Monday's national title matchup could not have worked out more perfectly if CBS had scripted it.
Occupying one bench will be college basketball's ultimate fairy-tale underdog. Occupying the other will be the sport's greatest villain.
Top-seeded Duke moved another step closer to reclaiming its former place atop college basketball, overpowering West Virginia 78-57 in Saturday's second national semifinal. The Blue Devils avenged a second-round loss to the Mountaineers two years ago, setting up what promises to be a compelling title game against hometown favorite Butler.
"t's definitely going to be a big story, I'm sure," Duke guard Nolan Smith said. "People calling Butler the Cinderella and, of course, Duke the big-time program. But it's going to be a fight. Both teams are very good. I just can't wait to play."
If the shortcomings of previous Duke teams were annually exposed in early-round NCAA tournament flame-outs, this Blue Devils team has shined on college basketball's biggest stage. Many considered them the most vulnerable No. 1 seed, but they have displayed the perimeter quickness and interior toughness its predecessors lacked, advancing past the Sweet 16 for the first time in six years and moving within a victory of its first national title since 2001.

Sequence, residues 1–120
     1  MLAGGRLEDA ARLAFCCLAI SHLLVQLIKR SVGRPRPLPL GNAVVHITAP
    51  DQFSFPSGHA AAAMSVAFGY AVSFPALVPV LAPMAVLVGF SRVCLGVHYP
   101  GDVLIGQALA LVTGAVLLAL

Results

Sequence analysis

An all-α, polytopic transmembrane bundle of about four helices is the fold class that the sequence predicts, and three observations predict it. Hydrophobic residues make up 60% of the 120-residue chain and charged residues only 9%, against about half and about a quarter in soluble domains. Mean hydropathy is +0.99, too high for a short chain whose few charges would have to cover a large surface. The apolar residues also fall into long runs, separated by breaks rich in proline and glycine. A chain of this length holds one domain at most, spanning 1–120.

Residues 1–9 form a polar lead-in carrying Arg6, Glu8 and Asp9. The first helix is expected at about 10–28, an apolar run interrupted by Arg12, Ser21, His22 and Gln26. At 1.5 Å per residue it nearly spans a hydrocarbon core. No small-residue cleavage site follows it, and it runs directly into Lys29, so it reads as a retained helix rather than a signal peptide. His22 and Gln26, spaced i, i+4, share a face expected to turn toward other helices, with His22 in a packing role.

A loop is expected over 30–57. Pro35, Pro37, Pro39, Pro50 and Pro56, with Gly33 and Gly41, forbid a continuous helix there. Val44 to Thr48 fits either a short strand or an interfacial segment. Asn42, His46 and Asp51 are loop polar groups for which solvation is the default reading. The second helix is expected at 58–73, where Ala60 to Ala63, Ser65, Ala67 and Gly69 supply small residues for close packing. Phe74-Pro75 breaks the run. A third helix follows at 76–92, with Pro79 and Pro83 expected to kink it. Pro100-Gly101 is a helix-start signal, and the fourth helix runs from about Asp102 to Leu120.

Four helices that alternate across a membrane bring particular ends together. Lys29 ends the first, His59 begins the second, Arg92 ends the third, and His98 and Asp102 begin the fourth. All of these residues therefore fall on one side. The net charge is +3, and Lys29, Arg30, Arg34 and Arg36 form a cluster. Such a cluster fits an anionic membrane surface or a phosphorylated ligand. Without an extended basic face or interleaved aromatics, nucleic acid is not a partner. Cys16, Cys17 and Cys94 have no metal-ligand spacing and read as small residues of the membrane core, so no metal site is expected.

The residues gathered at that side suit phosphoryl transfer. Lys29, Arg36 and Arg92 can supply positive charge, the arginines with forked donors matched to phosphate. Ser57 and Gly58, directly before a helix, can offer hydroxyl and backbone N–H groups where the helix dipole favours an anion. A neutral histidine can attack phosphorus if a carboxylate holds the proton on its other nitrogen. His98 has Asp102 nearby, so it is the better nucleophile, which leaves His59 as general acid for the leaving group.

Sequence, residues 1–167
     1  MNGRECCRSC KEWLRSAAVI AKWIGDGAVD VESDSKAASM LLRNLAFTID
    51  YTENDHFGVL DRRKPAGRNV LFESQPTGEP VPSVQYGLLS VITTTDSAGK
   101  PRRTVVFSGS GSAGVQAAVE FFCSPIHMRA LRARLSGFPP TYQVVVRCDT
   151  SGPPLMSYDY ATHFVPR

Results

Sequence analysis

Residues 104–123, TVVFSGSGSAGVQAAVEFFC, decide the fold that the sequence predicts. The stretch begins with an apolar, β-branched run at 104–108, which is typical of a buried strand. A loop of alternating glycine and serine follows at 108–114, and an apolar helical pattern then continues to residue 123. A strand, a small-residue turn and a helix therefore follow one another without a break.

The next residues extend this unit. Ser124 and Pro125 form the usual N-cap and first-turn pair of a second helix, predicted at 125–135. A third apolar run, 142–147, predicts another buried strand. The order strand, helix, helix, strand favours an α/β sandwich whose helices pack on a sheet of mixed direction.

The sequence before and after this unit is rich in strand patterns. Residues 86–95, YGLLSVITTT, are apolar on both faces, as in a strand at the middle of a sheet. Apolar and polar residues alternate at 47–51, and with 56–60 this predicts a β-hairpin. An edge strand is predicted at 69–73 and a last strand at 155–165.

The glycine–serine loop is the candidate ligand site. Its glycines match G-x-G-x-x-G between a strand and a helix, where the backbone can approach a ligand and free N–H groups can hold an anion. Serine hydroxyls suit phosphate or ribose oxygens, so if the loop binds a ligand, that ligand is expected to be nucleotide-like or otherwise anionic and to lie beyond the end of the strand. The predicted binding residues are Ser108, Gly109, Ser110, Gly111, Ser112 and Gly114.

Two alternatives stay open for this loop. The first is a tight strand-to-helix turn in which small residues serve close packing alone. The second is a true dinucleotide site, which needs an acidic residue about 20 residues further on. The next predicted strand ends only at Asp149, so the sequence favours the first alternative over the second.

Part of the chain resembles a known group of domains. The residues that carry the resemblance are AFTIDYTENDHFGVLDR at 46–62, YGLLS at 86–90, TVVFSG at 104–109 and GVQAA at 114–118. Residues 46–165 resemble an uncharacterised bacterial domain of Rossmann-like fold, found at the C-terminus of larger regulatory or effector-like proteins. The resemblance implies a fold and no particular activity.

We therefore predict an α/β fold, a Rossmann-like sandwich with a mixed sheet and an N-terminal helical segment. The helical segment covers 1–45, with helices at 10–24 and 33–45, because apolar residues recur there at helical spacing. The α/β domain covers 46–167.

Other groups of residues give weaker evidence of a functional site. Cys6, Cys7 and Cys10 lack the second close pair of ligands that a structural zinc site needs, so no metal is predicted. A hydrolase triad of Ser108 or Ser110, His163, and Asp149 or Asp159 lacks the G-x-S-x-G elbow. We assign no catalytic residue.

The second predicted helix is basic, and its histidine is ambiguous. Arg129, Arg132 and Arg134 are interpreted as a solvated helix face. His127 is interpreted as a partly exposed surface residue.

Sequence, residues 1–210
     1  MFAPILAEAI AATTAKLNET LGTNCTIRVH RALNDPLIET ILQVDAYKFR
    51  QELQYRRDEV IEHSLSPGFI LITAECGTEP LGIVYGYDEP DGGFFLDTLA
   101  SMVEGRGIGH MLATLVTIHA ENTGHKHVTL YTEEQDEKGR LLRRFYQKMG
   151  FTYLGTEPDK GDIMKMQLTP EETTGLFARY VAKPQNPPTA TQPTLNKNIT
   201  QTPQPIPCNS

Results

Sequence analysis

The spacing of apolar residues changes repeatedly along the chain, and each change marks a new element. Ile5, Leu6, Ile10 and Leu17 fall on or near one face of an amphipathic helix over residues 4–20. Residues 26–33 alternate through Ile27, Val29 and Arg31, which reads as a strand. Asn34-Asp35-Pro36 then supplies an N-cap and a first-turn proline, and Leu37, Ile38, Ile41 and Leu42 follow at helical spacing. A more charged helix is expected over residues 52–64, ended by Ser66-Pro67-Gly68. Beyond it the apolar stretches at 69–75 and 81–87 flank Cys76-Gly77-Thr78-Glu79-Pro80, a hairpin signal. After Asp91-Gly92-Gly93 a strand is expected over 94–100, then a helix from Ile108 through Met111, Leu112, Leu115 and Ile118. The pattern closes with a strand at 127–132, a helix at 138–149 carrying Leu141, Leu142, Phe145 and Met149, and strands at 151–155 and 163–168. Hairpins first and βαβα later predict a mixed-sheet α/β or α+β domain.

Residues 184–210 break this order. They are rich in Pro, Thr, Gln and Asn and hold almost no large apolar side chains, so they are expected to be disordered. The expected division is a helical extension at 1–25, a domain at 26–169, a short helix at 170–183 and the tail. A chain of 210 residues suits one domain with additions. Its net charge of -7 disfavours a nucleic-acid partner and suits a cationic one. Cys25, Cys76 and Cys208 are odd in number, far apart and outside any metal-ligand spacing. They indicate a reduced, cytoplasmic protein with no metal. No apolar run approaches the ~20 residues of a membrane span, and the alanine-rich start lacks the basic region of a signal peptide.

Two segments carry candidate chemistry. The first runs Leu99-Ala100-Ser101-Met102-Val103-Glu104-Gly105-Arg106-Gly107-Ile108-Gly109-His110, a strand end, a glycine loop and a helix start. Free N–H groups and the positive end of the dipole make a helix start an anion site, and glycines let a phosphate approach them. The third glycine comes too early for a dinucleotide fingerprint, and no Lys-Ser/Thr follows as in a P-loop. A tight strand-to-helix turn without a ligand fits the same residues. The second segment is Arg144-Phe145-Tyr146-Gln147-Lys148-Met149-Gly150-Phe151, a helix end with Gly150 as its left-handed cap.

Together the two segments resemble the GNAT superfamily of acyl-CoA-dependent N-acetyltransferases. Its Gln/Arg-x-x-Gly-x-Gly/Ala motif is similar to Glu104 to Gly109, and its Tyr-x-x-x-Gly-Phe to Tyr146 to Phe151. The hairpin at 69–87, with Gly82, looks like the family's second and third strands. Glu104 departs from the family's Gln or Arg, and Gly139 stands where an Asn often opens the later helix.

Whereas West Virginia's trapping 1-3-1 zone confounded Kentucky's high-octane offense into 4-for-32 3-point shooting in last Sunday's East Regional final, the Mountaineers were no match for Duke's big three. Kyle Singler, Smith and Jon Scheyer scored 63 of Duke's 78 points, aided by nine rebounds from big man Brian Zoubek.
"Our team played really well tonight," Duke coach Mike Krzyzewski said. "Thought our defense was
outstanding. Our care for the ball was excellent, to get 20 assists and
only six turnovers. These two guys (Scheyer and Smith) had 12 assists and no turnovers. All
three of our perimeter guys had outstanding shooting games."
It was a dominant performance worthy of a team that will assume the Goliath role to Butler's David on Monday night.